Optimal nutrition is essential for life. To achieve optimal nutrition we need secure access to an adequate, affordable and nutrition food supply. Conversely, food insecurity is associated with poor health, and poor health outcomes, including increased morbidity and mortality. Almost 4 per cent of the Australian non-Indigenous population reported household food insecurity in 2011-12 (ABS, 2015). For Aboriginal and Torres Strait Islander people this figure was significantly higher. We are half way through the Closing the Gap strategy and mortality rates of Aboriginal and Torres Strait Islander people are not significantly declining. Overweight and obesity contributes to 7 per cent of the total burden of disease (AIHW, 2018), however this doesn’t account for the impact of undernutrition and malnutrition on health. When food policy, nutrition and food related conversations have never been more common in our society, why are Aboriginal and Torres Strait Islander people still experiencing unacceptable levels of food insecurity?
Stewart Sutherland was born and raised in Wellington NSW the heart of Wiradjuri country. For over a decade he has worked in Indigenous health, in more recent years focusing on identity and mental health particularly Social and Emotional Wellbeing of the Stolen Generations (people forcibly removed from their families). Stewart has just finished his PHD, at the Australian National University Canberra, the focus of which was the interplay between reconciliation (apology) and the social emotional wellbeing of people forcibly removed from their families. Stewart is working at the ANU School of Medicine as the lecturer of Indigenous Health, where he is building on work of those before him, to ensure that Indigenous health and people are at the core.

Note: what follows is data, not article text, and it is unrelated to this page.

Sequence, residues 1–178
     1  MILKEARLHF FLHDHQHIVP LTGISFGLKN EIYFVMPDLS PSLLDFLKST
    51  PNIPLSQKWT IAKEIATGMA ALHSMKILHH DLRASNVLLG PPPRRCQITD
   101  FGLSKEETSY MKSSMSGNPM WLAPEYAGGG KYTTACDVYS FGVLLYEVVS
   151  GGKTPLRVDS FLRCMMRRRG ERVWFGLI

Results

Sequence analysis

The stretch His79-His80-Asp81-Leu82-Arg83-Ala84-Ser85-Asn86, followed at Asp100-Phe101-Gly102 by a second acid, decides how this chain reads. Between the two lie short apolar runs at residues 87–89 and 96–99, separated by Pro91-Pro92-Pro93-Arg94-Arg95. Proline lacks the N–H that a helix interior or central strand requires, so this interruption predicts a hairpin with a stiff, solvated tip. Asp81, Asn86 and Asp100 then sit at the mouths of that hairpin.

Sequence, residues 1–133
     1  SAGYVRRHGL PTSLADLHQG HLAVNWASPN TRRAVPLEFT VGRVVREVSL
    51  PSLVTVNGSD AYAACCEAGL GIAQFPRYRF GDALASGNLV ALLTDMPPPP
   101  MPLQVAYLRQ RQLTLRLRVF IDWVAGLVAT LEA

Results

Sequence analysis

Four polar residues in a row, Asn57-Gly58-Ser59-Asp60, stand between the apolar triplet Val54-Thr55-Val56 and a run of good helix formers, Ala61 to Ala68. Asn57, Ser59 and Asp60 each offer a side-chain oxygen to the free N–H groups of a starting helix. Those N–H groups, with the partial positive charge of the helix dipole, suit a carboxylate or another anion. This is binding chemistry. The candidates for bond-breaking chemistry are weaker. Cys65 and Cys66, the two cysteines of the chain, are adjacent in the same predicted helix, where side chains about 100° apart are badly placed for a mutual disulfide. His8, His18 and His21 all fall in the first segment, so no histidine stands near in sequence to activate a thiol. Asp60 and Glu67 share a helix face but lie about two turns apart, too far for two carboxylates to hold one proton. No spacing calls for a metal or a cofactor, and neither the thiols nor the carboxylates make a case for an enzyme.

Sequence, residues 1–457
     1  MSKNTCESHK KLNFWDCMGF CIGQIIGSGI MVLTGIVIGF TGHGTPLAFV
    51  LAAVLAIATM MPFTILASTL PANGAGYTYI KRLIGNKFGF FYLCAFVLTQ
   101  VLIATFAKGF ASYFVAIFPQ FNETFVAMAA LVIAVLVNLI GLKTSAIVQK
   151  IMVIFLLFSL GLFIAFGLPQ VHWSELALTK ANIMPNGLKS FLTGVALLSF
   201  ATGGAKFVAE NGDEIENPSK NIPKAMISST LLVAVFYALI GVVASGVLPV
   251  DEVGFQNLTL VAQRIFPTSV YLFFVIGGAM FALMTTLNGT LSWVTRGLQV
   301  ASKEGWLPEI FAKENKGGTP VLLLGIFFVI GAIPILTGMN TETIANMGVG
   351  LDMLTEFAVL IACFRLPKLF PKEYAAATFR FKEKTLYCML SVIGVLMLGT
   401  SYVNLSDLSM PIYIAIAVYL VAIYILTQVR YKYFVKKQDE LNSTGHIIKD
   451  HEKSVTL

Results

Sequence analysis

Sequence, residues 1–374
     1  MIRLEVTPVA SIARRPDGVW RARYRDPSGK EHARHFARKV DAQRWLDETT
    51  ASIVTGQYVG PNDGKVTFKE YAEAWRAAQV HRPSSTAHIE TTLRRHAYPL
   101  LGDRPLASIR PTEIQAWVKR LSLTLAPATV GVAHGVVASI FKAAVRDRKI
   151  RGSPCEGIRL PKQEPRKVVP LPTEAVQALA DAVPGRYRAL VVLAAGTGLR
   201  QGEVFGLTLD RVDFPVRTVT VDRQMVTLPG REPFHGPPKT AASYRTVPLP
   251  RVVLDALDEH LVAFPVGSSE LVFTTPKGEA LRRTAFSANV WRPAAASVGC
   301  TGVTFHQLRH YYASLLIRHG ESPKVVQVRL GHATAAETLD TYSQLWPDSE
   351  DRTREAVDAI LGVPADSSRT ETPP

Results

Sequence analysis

Amanda Wingett is a descendant of the Yandruwandha and Yawarrawarrka people of the Cooper Basin region in South Australia. Over the past 15 years she has held various roles in Aboriginal and Torres Strait Islander health. Amanda has a Masters of Public Health (Nutrition), from the University of Queensland, with a research focus on recruitment and retention of Aboriginal and Torres Strait Islander students into tertiary nutrition and dietetics education. In recent years she has had more of a focus on Indigenous health policy and planning. Amanda is currently employed as an Associate Lecturer – Indigenous Health with the ANU School of Medicine.